Mural aims for enduring impact
HOUGHTON — The artists creating the new mural on the street level of the parking deck used by The Vault on Shelden Avenue held a meet-and-greet at the site of the work-in-progress Tuesday.
Julie Benda, who grew up in Houghton, learned of the call for applications to paint the mural when someone she knew said she’d thought of her when she saw it.
Benda is an artist and illustrator, but had never done a mural before. So she reached out to her friend Kristi Dammann, an artist from Minneapolis who creates murals through her company Bristle and Whim.
“I was like, ‘Would you want to collaborate on this project with me?,” Benda said, recounting the pitch. “‘It means a lot to me, and this place means a lot to me.'”
The design had to be tied to the community and the area. With that goal in mind, they went to work. The eventual design draws on both their styles: black-and-white drawings with nature and animals for Benda, and abstract color and organic shapes for Dammann.
They started working on the design when the application went out in May, coordinating with the city throughout. On Thursday, they started painting and chalking the mural.
Both enjoyed being able to meet with residents to talk about their work.
“It’s just a way to connect with people and answer questions from people if they have them, get some feedback,” Dammann said.
“A part of the project was for it to be this vibrant revitalization of this sort of deadened space,” she said. “So I think it’s nice to hear and see people walk by and have the chance to actually talk with them and not be so intimately painting.”
By Tuesday afternoon, most of the painting was done. After a couple more days of touch-up work, they planned to clear-coat it for protection.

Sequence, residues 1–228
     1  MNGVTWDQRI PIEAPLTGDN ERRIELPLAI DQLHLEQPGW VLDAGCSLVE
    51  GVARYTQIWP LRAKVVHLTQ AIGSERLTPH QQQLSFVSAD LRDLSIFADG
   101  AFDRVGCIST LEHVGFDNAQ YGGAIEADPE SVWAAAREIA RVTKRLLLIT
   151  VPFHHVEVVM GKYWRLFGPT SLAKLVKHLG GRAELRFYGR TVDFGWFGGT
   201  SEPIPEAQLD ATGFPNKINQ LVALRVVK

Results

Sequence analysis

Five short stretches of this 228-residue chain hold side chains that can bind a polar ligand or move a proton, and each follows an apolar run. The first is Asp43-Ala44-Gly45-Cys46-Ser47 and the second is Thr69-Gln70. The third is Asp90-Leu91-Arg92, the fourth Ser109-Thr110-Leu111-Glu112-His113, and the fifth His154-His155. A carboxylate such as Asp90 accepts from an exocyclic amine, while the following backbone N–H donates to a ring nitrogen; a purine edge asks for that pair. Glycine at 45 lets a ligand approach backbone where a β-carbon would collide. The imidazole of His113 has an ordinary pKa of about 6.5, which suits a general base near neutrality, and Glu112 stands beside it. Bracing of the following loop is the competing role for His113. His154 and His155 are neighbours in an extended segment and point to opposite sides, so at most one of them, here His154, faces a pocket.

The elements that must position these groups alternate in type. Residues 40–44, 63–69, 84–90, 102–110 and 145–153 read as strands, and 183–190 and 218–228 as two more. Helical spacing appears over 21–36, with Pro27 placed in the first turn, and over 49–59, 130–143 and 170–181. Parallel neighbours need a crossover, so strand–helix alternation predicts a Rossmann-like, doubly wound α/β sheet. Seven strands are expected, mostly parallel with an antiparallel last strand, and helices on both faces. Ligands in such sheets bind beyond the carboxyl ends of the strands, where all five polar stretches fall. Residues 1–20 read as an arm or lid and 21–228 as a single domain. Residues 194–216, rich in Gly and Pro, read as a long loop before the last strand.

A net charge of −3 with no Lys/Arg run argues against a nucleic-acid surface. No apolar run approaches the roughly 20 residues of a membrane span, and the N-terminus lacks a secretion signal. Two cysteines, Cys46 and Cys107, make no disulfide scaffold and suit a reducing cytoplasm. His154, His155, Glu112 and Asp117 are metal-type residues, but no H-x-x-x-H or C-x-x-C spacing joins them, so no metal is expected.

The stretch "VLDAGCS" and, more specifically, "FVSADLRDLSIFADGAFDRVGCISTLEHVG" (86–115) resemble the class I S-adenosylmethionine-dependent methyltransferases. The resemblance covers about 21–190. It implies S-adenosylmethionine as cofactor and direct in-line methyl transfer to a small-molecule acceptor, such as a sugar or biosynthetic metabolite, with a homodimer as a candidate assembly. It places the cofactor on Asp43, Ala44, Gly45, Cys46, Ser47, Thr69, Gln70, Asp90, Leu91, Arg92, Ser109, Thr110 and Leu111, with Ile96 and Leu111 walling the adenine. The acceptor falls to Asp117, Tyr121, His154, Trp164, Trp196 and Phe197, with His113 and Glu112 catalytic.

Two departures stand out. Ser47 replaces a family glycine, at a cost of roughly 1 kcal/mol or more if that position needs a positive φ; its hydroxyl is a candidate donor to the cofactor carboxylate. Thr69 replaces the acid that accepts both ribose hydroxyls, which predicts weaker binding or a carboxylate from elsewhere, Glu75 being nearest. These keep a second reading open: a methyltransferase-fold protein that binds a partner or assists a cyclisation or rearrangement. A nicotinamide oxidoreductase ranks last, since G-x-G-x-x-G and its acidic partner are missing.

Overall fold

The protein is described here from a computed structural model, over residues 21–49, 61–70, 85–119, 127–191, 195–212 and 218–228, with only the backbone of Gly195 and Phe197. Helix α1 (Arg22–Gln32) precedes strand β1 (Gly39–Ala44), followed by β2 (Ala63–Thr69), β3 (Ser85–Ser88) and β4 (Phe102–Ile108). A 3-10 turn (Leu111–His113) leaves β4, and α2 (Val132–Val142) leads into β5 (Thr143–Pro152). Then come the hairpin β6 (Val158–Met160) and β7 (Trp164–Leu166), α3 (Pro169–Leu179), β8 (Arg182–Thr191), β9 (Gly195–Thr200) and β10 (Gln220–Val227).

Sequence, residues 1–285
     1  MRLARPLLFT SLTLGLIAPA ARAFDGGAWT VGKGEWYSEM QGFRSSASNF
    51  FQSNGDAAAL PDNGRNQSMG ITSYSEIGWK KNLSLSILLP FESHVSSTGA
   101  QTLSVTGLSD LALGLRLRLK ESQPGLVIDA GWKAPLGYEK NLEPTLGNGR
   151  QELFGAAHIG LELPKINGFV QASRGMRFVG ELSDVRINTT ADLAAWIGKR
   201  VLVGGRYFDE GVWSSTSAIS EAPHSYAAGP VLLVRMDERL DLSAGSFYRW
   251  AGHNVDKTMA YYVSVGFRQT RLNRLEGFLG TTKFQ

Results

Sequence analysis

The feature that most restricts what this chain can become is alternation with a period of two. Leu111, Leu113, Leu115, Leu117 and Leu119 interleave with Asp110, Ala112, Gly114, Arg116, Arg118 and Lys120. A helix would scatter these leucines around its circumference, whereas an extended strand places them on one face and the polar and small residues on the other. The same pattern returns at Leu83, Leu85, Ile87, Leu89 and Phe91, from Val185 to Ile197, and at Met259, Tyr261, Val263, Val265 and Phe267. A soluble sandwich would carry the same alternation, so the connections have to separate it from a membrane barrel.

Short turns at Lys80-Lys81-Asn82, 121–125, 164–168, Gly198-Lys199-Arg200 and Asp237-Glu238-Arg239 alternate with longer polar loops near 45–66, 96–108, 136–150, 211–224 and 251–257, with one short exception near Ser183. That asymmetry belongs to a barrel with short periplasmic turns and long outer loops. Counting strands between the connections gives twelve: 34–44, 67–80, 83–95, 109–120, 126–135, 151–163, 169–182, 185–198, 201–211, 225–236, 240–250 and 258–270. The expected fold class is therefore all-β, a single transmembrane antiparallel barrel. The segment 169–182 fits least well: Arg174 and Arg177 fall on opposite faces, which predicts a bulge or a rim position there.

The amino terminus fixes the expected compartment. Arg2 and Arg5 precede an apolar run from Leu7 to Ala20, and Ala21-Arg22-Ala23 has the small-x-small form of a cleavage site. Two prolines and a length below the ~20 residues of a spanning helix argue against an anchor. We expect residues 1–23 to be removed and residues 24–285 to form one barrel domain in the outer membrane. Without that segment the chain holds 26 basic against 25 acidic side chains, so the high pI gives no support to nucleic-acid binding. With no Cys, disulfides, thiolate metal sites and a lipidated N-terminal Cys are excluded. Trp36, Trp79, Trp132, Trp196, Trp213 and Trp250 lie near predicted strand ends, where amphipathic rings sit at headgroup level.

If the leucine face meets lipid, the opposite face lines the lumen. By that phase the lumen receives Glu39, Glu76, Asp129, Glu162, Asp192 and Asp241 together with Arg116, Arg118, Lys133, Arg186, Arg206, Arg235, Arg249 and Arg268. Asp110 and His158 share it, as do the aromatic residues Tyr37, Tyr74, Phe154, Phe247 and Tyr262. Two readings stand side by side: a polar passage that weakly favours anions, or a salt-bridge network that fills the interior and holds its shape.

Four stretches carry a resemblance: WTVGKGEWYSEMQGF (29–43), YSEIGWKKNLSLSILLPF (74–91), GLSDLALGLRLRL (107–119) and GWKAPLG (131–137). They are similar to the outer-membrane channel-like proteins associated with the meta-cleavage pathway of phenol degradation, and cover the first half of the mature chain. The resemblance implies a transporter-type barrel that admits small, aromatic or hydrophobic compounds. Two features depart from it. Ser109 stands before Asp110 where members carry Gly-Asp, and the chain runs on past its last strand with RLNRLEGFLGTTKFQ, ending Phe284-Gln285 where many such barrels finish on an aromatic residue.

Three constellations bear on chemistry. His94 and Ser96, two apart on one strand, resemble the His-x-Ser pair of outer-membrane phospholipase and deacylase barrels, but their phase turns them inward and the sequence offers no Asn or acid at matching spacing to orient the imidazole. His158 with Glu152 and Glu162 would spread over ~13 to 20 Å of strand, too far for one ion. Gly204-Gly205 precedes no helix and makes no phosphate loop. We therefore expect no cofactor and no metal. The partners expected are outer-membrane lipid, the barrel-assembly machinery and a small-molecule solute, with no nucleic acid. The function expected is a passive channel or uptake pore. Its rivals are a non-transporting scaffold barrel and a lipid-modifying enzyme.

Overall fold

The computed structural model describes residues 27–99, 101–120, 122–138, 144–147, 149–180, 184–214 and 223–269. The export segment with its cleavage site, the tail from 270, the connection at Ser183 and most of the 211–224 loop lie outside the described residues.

“It’s such a high-traffic area and gets a lot of dust and dirt and snowplow stuff,” Benda said. “So we just really want to make sure it has some longevity, and it can stay clean and crisp.”
They’ve both liked being in the area for the past week.
“This is my hometown, so it’s been nice to be back,” said Benda, who now lives in Marquette. “It’s been a really lovely process and a lot of support from all the different partners and community members.”
Dammann visits family in the U.P., but this has been her first trip to Houghton. It’s been “very peaceful” and everyone has been friendly, she said.
They’re excited about making a piece that residents and tourists alike can take in for decades.
“I come back to the U.P. every year,” Dammann said. “It will be fun to come and visit and bring my family over it to see it. I’m excited to know that several generations of people can enjoy it.”
Creating art out there permanently for the public to see can be scary, Benda said. But so far, everything she’s heard has been good.
“It’s an honor,” she said. “Thinking about things in long term, the mural’s inspired by the other elements of our environment we also want to endure. So I think that’s a beautiful tie-in … it does bring a little bit of life to the area, so hopefully it continues to do that for some time.”